citrata 'Chocolate': Chocolate mint, a first cousin of peppermint and has leaves with a minty-chocolate flavor and aroma.Mentha spicata: Spearmint is excellent for flavoring teas and salads and is one of the better mints to use as a landscape ground cover.Spearmint is excellent for flavoring teas and salads and is one of the better mints to use as a landscape ground cover.You can start harvesting mint leaves once the plant has multiple stems that are six to eight inches long.Mature mint can be harvested in summer and fall before the shoots die back.Be mindful about where you place the container because long stems touching surrounding soil might take root.Place a double layer of landscaping cloth inside the pot over the drainage holes to prevent the roots from sneaking out of the container and into the surrounding soil.To relieve yourself of major pruning maintenance, grow your mint in a confined location, such as in a pot or between paved areas.Propagation is best done in the late spring to early summer when the plant is actively growing and before it has bloomed.Use sterilized scissors or pruning shears to cut a healthy piece of stem four to six inches long.It's important to note that some mint varieties are hybrids and will not grow true to seed.Once your container of mint becomes root-bound and you see roots popping up above the soil, it's often simplest to take a cutting and start a new plant rather than repotting.However, stressed plants can be bothered by common garden pests, including whiteflies, spider mites, aphids, and mealybugs.Mint plants can sometimes contract rust, which appears as small orange spots on the undersides of leaves. .
How to Grow Mint Indoors: 3 Growing Methods for Year-round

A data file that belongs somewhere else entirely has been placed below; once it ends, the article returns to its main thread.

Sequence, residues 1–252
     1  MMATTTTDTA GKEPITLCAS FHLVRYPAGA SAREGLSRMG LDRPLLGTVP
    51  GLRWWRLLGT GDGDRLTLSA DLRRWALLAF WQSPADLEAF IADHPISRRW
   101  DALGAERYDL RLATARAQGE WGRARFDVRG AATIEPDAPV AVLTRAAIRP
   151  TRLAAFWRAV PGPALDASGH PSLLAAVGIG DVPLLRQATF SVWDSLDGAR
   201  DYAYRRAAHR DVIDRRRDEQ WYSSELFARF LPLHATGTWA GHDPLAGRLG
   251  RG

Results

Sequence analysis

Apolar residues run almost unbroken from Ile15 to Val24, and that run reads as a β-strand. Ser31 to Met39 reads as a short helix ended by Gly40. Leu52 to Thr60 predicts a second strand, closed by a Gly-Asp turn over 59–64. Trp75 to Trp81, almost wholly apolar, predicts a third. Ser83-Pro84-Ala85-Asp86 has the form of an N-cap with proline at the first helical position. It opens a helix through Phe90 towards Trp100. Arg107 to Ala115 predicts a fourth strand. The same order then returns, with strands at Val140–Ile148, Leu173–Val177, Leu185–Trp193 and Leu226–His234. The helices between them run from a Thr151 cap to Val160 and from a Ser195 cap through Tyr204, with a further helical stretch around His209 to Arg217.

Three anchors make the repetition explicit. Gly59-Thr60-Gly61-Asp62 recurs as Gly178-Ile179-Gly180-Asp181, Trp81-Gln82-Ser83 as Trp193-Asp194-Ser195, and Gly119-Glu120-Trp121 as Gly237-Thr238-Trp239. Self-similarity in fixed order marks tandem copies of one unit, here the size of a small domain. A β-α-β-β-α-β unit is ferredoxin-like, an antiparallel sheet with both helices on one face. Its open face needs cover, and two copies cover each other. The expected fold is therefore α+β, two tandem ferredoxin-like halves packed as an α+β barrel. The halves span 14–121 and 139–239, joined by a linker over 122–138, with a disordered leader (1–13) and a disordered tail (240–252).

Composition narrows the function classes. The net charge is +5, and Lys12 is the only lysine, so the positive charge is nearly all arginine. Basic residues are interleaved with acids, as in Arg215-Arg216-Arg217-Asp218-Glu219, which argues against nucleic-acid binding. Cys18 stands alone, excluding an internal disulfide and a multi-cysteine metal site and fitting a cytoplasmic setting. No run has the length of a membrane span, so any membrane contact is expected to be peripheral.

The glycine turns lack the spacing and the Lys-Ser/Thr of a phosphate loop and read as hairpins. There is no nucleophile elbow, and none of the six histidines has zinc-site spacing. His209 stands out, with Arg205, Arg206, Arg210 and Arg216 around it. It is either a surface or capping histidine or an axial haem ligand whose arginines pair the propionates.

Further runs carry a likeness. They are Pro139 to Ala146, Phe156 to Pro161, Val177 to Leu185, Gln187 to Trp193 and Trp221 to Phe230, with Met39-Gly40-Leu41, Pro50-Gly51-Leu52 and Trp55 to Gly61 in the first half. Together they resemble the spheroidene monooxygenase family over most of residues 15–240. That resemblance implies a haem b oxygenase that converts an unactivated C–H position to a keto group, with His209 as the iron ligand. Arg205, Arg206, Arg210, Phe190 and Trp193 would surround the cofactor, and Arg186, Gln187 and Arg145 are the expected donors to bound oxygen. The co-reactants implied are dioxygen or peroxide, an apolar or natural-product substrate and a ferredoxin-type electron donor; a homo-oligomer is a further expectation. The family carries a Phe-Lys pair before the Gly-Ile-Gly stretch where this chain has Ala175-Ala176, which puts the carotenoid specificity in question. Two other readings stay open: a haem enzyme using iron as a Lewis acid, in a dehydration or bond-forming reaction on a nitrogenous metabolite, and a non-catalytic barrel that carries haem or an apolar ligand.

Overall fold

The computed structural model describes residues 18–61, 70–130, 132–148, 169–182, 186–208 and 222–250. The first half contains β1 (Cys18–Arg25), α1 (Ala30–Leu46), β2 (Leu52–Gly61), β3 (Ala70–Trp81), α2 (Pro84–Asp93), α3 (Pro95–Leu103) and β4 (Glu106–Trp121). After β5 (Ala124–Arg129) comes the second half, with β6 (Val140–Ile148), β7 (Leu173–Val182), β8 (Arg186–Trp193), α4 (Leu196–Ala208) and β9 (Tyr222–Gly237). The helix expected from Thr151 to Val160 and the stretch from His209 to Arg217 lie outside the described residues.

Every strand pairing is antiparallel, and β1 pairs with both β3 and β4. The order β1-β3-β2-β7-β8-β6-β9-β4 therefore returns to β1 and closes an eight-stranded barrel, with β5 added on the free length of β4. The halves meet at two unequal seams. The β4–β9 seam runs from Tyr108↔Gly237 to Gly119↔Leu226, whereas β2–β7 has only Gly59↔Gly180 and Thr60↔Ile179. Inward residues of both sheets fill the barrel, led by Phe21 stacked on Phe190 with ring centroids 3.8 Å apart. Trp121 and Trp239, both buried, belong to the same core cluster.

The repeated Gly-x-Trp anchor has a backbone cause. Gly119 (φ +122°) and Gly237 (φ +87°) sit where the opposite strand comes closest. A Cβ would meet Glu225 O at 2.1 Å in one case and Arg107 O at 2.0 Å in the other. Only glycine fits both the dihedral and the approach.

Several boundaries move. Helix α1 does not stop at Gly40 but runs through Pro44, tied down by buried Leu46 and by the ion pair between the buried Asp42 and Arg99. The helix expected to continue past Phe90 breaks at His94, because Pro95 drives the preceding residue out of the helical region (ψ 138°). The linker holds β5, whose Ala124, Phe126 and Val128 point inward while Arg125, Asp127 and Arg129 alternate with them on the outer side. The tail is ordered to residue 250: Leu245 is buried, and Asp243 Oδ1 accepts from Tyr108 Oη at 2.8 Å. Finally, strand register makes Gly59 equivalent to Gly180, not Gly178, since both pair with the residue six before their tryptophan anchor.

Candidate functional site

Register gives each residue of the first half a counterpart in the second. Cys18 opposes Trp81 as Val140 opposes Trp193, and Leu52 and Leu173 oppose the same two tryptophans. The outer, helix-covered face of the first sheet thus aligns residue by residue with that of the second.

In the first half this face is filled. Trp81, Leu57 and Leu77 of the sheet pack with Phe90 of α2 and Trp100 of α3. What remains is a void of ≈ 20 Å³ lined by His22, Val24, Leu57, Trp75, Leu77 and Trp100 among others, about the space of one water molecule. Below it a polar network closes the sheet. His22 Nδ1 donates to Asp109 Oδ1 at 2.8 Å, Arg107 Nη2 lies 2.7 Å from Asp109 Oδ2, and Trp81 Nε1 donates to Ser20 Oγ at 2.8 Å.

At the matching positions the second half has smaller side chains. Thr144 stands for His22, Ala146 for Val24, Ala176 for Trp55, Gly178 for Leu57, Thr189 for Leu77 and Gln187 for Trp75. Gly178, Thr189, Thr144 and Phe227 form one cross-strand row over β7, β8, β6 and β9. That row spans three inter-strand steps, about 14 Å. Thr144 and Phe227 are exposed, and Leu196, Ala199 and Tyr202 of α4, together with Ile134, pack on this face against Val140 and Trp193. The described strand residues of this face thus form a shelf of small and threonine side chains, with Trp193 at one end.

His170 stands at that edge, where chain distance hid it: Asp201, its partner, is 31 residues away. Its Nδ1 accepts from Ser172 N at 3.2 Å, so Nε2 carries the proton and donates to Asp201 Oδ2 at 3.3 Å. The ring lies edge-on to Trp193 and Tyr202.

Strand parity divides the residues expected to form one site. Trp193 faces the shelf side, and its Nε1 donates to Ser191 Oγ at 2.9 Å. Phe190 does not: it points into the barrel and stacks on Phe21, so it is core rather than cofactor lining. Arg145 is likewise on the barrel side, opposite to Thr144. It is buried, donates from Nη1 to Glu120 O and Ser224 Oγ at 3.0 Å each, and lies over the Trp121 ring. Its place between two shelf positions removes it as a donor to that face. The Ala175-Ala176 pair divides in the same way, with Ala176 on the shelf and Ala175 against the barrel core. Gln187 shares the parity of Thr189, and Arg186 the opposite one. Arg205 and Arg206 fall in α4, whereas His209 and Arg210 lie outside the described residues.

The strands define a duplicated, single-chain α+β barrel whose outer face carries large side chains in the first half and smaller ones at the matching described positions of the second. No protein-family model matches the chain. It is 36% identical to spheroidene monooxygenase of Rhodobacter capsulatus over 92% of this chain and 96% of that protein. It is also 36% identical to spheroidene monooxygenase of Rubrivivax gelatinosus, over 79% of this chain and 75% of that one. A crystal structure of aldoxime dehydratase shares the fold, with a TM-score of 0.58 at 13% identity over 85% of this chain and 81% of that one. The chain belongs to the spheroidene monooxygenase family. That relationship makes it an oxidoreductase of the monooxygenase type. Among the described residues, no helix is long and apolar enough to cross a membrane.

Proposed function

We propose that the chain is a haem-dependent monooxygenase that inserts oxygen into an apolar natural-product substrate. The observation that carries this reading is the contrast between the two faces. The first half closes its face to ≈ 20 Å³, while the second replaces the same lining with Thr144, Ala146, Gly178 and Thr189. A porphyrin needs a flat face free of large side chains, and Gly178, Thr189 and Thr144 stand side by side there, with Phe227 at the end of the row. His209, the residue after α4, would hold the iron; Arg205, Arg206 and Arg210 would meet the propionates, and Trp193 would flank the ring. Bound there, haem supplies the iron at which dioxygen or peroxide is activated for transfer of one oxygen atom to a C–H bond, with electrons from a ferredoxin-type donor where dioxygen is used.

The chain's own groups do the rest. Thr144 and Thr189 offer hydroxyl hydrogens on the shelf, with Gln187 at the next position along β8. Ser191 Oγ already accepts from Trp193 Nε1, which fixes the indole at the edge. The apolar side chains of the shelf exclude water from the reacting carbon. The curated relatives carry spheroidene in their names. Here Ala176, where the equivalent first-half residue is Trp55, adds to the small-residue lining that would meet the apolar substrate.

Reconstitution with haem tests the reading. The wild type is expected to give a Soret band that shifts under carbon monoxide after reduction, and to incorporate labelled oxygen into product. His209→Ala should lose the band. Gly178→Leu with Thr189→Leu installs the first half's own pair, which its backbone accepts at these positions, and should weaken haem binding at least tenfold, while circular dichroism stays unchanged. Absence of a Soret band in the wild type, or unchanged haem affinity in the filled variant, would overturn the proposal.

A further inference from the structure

Mint (Mentha species) is a perennial that produces new foliage all year long if the stems are not killed by frost, making it one of the easiest herbs to grow inside.Unlike many other herbs, mint is very easy to grow indoors, as long as you give the plant enough light and consistent moisture (more on both of these in a later section).I love mint’s crinkly green leaves and how the stems of some varieties tumble down over the sides of the pot.We grow them for their flavors, and what could be better than snipping your own fresh, homegrown mint leaves to make a cup of hot tea on a cold day?Since mint is constantly making new stems and leaves, you’ll always have a few sprigs ready for harvest.Whenever I need a little pick-me-up on a dreary day, I simply pinch off a leaf, rub it between my thumb and index finger, and inhale.Aside from the occasional fungus gnat, I’ve never had any houseplant pests attack my mint plants.For me, the easiest route is to purchase a starter plant at my favorite local nursery.However, if it’s autumn or winter and you’re just learning how to grow mint indoors, you might find your local nursery out of stock.If this is the case for you, consider starting a new mint houseplant from a root division or a stem cutting.Mint grows fast, so even if you start with a tiny division, before you know it, the plant will fill your pot.To maximize the growth of your indoor mint plant, you’ll need to provide it with a few things.If you don’t have a sunny, north-facing window that receives sun through the better part of the day, consider purchasing a small grow light to install over your mint plant.If you don’t have a sunny, north-facing window that receives sun through the better part of the day, consider purchasing a small grow light to install over your mint plant.Water the plant only when the soil feels dry to the touch and the pot is light.Unlike other houseplants, indoor mint will still be actively growing through the winter months, so feeding it is a good idea.Regular “haircuts” are necessary to keep your mint plant bushy and to encourage new growth.Use a pair of herb scissors or needle-nose pruners to trim the stems back on a regular basis, ideally once every few weeks.However, keeping a few water-rooted stems in a jar above the sink means you’ll be able to make the occasional harvest.They will quickly develop roots and can be grown in the water-filled jar for a few weeks or months, depending on the growing conditions.In fact, mint is a great crop to grow using a commercially made or a DIY hydroponic system.The lack of soil definitely translates to less mess, but hydroponic systems are more expensive than soil-based growing.To harvest your indoor mint plants, remove individual leaves as needed, or clip off entire stems for drying or fresh use.Don’t be afraid to cut the plant back substantially a few times a year. .